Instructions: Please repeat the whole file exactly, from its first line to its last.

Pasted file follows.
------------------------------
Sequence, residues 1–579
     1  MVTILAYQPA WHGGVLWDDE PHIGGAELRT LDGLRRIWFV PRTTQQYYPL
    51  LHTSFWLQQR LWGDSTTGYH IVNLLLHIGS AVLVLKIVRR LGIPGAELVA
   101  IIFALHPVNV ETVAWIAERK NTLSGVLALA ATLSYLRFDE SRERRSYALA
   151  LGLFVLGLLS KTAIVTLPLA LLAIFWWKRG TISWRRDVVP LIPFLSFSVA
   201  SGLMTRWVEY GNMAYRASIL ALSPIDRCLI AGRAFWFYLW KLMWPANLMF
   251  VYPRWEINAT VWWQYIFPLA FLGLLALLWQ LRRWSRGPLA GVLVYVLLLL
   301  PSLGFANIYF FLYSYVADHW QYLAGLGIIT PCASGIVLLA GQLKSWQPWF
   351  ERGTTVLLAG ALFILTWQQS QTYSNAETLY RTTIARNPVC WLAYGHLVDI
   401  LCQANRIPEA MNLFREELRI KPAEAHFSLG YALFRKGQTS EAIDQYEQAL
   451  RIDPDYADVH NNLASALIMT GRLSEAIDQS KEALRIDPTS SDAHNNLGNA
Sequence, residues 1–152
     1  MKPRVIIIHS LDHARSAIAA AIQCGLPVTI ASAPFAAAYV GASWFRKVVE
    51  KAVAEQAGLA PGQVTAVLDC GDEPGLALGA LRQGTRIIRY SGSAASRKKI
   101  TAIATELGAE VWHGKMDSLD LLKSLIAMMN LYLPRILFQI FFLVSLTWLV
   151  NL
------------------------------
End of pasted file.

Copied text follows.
Sequence, residues 1–579
     1  MVTILAYQPA WHGGVLWDDE PHIGGAELRT LDGLRRIWFV PRTTQQYYPL
    51  LHTSFWLQQR LWGDSTTGYH IVNLLLHIGS AVLVLKIVRR LGIPGAELVA
   101  IIFALHPVNV ETVAWIAERK NTLSGVLALA ATLSYLRFDE SRERRSYALA
   151  LGLFVLGLLS KTAIVTLPLA LLAIFWWKRG TISWRRDVVP LIPFLSFSVA
   201  SGLMTRWVEY GNMAYRASIL ALSPIDRCLI AGRAFWFYLW KLMWPANLMF
   251  VYPRWEINAT VWWQYIFPLA FLGLLALLWQ LRRWSRGPLA GVLVYVLLLL
   301  PSLGFANIYF FLYSYVADHW QYLAGLGIIT PCASGIVLLA GQLKSWQPWF
   351  ERGTTVLLAG ALFILTWQQS QTYSNAETLY RTTIARNPVC WLAYGHLVDI
   401  LCQANRIPEA MNLFREELRI KPAEAHFSLG YALFRKGQTS EAIDQYEQAL
   451  RIDPDYADVH NNLASALIMT GRLSEAIDQS KEALRIDPTS SDAHNNLGNA
Sequence, residues 1–152
     1  MKPRVIIIHS LDHARSAIAA AIQCGLPVTI ASAPFAAAYV GASWFRKVVE
    51  KAVAEQAGLA PGQVTAVLDC GDEPGLALGA LRQGTRIIRY SGSAASRKKI
   101  TAIATELGAE VWHGKMDSLD LLKSLIAMMN LYLPRILFQI FFLVSLTWLV
   151  NL